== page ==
Russian autocrat Vladimir Putin escalated his threats. The Kremlin mobilized 300,000 reservists, declared it would hold referendums in Donbas to justify annexation and renewed its nuclear blackmail. But what should be a show of strength is an undisguised proof of weakness.
Putin’s bravado is a reaction to the Ukrainian counter-attack that has just regained vast territories. It was Putin’s biggest defeat since he was forced in April to abandon his original plan for a massive occupation that would bring the Ukrainian regime to its knees, focusing efforts on the south and east. On Russia’s borders, armed conflicts erupted between Armenia and Azerbaijan and between Kyrgyzstan and Tajikistan. In Russia, criticism from the ultranationalists is intensifying.
Scarce international support erodes. Turkish President Recep Tayyip Erdogan said this week that Russia must abandon Ukrainian territory, including Crimea. Indian Prime Minister Narendra Modi told Putin face-to-face at the Shanghai Cooperation Council that “the times are not wartime”. At the same meeting, Putin publicly admitted to Chinese dictator Xi Jinping that he would respond to his “questions and concerns”.
The last time they met, three weeks before the invasion, Xi declared a “boundless” friendship with Russia. A quick victory would have served China, humiliating the US and setting the global stage for an invasion of Taiwan. Seven months later, the protracted war destabilized Eurasia and reinvigorated the western alliance. Even as Russia’s weakening increases its dependence on Beijing, the “friendship” is proving to be an embarrassment.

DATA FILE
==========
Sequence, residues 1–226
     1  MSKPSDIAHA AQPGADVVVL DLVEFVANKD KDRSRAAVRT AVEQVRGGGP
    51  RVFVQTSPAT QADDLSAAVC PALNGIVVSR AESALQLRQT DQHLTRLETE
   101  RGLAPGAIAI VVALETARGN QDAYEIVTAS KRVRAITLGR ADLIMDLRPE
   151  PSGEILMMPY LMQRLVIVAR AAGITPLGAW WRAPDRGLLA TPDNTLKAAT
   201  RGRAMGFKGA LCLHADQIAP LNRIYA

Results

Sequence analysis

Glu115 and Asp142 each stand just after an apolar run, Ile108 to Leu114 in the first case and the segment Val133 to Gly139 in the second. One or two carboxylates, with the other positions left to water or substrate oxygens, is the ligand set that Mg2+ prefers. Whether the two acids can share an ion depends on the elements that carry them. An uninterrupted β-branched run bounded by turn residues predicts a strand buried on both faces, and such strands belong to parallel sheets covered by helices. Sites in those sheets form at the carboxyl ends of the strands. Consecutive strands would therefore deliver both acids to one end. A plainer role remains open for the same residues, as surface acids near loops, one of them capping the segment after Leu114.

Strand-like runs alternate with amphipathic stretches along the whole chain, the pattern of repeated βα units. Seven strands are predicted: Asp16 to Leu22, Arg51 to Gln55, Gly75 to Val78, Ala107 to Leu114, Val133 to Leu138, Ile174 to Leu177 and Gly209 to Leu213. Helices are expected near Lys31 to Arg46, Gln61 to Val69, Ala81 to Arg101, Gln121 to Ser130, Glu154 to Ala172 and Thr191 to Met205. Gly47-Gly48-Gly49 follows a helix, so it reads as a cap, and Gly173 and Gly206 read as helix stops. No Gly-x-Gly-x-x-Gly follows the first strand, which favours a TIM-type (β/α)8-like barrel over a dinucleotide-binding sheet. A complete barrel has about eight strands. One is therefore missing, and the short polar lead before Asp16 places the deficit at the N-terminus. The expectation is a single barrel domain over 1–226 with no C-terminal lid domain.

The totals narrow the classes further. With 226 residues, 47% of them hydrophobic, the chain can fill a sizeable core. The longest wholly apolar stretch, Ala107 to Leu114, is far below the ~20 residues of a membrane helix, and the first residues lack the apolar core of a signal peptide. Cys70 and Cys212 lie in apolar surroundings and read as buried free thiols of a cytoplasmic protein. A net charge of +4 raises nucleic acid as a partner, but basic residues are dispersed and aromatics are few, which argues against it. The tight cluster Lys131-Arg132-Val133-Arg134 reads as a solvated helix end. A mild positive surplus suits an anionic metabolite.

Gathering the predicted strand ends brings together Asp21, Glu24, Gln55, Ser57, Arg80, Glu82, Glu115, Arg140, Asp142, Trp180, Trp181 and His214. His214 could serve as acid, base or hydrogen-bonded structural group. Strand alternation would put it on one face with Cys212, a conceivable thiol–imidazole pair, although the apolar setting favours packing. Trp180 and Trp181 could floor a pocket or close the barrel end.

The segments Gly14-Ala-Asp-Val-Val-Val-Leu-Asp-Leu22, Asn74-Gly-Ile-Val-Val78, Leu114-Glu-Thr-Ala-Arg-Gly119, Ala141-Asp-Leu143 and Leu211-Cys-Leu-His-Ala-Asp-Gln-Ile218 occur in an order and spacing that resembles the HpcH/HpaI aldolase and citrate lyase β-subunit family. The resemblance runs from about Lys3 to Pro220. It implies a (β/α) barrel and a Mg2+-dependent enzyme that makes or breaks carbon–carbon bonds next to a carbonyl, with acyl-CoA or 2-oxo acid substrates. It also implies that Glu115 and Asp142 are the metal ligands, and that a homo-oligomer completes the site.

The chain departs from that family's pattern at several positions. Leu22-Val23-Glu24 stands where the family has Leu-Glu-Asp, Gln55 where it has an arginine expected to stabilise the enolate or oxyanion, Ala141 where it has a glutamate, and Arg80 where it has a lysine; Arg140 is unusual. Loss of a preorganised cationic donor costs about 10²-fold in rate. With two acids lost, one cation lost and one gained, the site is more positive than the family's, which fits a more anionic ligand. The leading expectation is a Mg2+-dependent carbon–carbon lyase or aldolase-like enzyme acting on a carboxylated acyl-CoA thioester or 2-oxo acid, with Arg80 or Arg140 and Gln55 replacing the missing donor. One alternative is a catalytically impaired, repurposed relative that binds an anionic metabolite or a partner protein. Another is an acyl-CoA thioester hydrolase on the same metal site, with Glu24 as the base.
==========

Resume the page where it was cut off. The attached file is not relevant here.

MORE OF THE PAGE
The 300 thousand reservists are impressive. But it will be months before they are trained and make a difference in the field. The narrative that the war is just a “special military operation” that the Russians could celebrate without sacrifice is crumbling. Even under the Kremlin’s blatant propaganda and oppression, protests are starting to flare up.
Putin will fabricate his fraudulent referendums to legitimize an annexation and the use of nuclear weapons against an “invasion” of their territories. He also counts on the winter to pressure Europe to force Ukraine to compromise. The war is Ukraine’s, and it’s up to Ukraine to decide if and when to negotiate. But this is not the time.
Undoubtedly a megalomaniac autocrat cornered and armed with nuclear arsenals is a risk to Ukraine, to the world and to its own people. But his terrorism cannot be rewarded. Ukraine’s strategy and its supporters are working. It would be decisive to agree with India and China a cordon sanitaire to dissuade Putin from extrapolating his madness with weapons of mass destruction. In the field, it’s time to accelerate the delivery of weapons and take advantage of the traction of the Ukrainian troops and the low morale of the Russians to conquer positions. Keeping your cool but galvanizing determination is the best way to convince the Russian people that they are losing the war and cannot win it.